©2018 by polity.

  • Alex Wok

Freedom of Speech

Polity is testing out a new format for issues with no clear political affiliation. These issues often involve very broad questions, & are thus impossible to convey a 'guide-to' that represents the majority of opinion.

Accordingly, we have decided to show the arguments for positions on both extremes &, fittingly, present it in black and white as opposed to our classic blue & red. This is done to illustrate the difficulty in negotiating the correct course of action in relation to this issue.

However, at Polity, we think that these issues aren't as black and white as presented. Thus, Polity strongly urges the reader to find their own grey area.


  • Australia does not have a statutory declaration that ensures freedom of speech, nor is there an explicit right to it in the Australian Constitution. However, according to the High Court, there exists an implied right to political speech stemming from the Constitution.

  • Australia has a range of restrictions on free speech regarding discrimination, with the most prominent being the Racial Discrimination Act. It is unlikely that the protections given under this Act extend to the LGBT community.

  • In relation to the plebiscite, some want more protections given to those in the LGBT community, whilst others state that there is an overarching moral need to hear all sides of the debate. The extent to which freedom of speech is owed in Australia is further muddied by the fact that both liberals & conservatives have expressed reverse stances on freedom of speech regarding different issues, ​such as university protests.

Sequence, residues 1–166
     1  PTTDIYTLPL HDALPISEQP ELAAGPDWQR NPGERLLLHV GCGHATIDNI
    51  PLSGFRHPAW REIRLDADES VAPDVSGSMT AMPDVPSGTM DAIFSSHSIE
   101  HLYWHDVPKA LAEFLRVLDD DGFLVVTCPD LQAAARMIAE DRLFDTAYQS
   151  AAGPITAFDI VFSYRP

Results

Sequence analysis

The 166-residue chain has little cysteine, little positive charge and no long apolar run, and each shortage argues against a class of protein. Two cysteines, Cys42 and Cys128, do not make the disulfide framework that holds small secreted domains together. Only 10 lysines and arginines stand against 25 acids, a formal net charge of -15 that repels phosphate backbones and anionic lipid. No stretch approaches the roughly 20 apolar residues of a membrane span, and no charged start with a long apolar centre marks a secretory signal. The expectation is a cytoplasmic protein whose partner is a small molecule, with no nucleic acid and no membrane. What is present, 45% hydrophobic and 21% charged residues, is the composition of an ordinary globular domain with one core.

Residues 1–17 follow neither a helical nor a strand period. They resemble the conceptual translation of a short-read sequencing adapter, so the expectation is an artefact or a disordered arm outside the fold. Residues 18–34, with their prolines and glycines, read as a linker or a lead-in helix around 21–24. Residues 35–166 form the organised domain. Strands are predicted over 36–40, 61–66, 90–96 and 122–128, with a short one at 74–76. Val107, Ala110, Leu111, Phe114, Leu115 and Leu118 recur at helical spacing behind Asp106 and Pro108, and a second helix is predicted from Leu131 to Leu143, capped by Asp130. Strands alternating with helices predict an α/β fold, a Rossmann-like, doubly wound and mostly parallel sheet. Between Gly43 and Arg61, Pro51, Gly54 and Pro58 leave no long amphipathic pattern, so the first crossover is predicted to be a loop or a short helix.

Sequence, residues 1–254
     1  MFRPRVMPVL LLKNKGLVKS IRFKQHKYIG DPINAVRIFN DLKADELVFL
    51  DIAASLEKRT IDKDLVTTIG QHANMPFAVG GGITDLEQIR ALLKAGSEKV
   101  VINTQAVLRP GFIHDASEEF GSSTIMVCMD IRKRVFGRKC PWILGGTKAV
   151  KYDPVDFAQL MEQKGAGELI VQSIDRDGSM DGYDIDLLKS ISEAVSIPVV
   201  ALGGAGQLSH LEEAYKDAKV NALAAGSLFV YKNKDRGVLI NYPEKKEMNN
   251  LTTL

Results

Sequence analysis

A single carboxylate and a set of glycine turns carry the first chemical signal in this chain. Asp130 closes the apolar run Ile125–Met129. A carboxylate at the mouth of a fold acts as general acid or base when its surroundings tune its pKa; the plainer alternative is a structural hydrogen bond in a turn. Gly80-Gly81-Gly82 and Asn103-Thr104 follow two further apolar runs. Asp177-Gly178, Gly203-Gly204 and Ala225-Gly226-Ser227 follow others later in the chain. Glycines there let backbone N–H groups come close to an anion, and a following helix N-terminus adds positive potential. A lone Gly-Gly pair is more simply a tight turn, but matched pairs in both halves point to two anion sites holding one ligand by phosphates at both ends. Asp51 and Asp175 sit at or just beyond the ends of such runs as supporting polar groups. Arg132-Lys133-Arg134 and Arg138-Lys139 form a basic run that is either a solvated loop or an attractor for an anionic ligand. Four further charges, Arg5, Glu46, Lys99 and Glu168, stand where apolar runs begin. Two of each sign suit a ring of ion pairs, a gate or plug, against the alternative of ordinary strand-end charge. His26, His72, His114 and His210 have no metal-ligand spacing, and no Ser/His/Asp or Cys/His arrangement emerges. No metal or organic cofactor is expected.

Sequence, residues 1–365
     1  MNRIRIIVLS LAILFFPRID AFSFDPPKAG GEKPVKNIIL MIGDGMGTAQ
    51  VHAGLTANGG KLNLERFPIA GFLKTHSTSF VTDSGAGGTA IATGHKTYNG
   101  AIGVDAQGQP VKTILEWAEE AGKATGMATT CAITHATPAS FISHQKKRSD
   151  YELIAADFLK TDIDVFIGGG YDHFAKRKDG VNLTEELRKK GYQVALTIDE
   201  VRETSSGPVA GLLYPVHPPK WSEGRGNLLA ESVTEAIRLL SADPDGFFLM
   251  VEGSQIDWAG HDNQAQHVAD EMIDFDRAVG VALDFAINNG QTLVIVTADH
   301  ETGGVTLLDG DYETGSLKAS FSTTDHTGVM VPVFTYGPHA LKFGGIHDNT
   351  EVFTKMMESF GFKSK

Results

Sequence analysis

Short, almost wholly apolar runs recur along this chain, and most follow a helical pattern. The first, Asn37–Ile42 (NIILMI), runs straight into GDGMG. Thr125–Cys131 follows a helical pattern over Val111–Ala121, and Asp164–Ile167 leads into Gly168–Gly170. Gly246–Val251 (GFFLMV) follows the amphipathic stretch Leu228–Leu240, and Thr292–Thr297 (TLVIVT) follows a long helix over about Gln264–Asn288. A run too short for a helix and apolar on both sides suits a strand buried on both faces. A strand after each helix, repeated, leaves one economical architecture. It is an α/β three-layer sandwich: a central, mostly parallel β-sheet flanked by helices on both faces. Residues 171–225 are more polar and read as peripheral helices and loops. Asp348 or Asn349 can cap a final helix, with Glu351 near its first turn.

Where do the moral

limits of free speech lie?


  1. Free Speech Debate; 'Nineteen arguments for hate speech bans — and against them'

  2. Macleans; 'Here’s the thing about free speech: It’s not absolute.'

  3. The Conversation; 'Free speech: what it is and what it isn’t'

  4. Free Speech Debate; 'Nineteen arguments for hate speech bans — and against them'

  5. Free Speech Debate; 'Nineteen arguments for hate speech bans — and against them'

  6. The Australian; 'Market forces can kill off fake news'

  7. The Conversation; 'Free speech is at risk in Australia – and it’s not from Section 18C'

  8. The Conversation; 'What is a ‘classical liberal’ approach to human rights?'

  9. ABC; 'George Brandis defends 'right to be a bigot' amid Government plan to amend Racial Discrimination Act'

  10. The Washington Post; ‘No Free Speech for Fascists’ is impossible'